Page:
“Logan” further unleashes its claws a few hours after its midnight screenings (with more screens) on March 1 in cinemas nationwide from 20th Century Fox to be distributed by Warner Bros. Also available in IMAX (2D) screens. The movie is rated R-16 by the MTRCB.


Mel Gibson Guns for Oscar Best Director Prize with “Hacksaw Ridge”

With films that span from the classic, Oscar Best Picture-winning Braveheart to The Patriot, We Were Soldiers, The Passion of the Christ and his most recently directed film, the Mayan civilization epic Apocalypto, Mel Gibson has become known for meshing big themes with atmospheric style that takes audiences into revealing worlds.

Now, Mel Gibson’s re-creates with a mesmerizing realism the epic combat that saw the true-to-life heroism of Desmond Doss in the World War II action-thriller, Hacksaw Ridge.

Nominated for eight Oscar Awards including Best Picture and Best Director, Hacksaw Ridge centers on the story of Desmond T. Doss (Andrew Garfield), a Seventh-day Adventist who became an army medic while adhering to his religious convictions of not carrying a weapon. He saved 75 men during the Battle of Okinawa in World War II.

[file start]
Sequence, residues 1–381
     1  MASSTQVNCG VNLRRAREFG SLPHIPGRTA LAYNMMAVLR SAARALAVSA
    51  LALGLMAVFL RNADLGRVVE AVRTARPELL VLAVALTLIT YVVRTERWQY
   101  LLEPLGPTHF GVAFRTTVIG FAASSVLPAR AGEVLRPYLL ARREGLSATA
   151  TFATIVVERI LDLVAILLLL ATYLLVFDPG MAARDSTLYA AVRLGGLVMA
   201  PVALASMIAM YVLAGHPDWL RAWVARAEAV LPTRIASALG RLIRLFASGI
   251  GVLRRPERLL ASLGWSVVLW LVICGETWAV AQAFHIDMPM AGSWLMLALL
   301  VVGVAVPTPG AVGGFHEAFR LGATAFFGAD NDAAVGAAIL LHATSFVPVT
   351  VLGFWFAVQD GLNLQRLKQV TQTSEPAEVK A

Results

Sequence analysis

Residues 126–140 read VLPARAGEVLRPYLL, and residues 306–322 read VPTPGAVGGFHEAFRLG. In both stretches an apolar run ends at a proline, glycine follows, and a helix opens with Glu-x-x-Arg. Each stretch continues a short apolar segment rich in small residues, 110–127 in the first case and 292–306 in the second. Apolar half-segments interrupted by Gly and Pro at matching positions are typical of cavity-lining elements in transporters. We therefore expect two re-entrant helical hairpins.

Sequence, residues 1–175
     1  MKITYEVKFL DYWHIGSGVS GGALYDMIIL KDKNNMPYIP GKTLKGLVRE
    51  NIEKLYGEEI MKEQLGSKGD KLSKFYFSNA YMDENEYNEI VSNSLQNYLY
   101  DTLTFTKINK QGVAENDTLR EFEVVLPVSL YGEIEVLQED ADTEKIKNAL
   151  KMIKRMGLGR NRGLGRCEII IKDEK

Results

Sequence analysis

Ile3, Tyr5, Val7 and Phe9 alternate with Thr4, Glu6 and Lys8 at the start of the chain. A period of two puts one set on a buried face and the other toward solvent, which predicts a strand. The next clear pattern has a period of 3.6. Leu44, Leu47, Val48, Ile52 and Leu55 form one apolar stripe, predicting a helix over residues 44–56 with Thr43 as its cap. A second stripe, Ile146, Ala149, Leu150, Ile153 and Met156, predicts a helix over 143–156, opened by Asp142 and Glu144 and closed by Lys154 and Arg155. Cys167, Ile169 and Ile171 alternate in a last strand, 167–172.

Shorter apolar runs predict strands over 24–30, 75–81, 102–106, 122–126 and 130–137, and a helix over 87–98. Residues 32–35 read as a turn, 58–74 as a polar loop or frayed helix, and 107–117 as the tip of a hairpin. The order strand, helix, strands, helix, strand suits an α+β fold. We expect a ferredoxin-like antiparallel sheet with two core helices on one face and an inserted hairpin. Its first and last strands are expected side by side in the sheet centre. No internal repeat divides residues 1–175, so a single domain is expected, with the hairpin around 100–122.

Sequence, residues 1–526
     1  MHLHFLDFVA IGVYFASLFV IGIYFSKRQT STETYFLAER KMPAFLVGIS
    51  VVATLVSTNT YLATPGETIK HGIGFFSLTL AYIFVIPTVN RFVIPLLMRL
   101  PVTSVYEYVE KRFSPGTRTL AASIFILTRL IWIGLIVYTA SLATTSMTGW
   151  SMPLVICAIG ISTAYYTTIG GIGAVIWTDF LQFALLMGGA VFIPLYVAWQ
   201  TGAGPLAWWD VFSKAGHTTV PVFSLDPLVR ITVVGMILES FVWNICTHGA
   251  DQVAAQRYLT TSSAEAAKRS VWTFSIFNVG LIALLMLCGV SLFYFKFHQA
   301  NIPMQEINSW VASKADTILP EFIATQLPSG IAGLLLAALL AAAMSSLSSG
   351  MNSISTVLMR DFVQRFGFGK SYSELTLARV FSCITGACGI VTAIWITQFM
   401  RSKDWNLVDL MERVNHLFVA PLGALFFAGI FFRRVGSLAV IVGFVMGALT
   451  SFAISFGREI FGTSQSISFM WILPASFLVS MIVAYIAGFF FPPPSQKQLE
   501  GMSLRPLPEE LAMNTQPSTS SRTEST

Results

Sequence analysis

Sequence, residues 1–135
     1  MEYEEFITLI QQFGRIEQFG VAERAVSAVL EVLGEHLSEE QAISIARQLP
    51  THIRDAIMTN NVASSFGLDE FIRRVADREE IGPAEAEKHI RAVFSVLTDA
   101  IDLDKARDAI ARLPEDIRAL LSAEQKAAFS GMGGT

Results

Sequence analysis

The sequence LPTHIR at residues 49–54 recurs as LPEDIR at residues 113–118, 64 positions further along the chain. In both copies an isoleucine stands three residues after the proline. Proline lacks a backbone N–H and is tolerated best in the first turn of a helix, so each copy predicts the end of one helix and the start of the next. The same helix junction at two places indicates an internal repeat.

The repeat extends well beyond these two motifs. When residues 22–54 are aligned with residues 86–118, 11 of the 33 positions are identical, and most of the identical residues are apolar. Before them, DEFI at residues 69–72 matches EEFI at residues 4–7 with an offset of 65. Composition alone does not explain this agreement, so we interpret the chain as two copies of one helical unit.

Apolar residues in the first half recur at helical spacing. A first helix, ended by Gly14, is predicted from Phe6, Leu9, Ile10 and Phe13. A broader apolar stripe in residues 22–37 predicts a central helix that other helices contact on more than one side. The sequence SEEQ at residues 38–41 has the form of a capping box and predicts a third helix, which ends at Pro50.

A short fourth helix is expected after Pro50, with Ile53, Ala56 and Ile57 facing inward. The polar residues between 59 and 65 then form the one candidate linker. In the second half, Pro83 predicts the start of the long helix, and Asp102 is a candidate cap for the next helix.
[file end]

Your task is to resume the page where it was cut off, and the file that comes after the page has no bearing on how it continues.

For producer Bill Mechanic, Gibson was always the ultimate choice to direct Hacksaw Ridge. “The script felt to me almost like a companion piece to Braveheart,” comments the producer. “It pulls together the same themes of faith, violence and war, though it’s a very different story about a man from a very different time and background. To me, what also sets Mel apart as a contemporary filmmaker is how experiential his filmmaking is, how visceral the storytelling is in his films. He’s become a consummate director. He’s equally great with characters, with actors, with the camera and the editing process and with giving audiences a new experience.”

Gibson saw in Hacksaw Ridge a chance to bring into the light a forgotten hero – and he was drawn to Desmond Doss as man who determined to find a way to live by the values that meant everything to him, even when they seemed in conflict with the whole world around him.

Says Gibson: “Desmond Doss abhorred violence, it was against his principles, his religious beliefs, but he wanted to serve his country in World War II as a medic. How does somebody go into the worst place on earth without a weapon? It was all the more compelling to me, because it was a true story, and I thought I could bring my visual language to it.”


Gibson notes that Doss never called himself a conscientious objector. That was the army’s term. Instead, he called himself a “conscientious co-operator,” believing with unflagging tenacity that he had plenty to contribute without having to kill other human beings.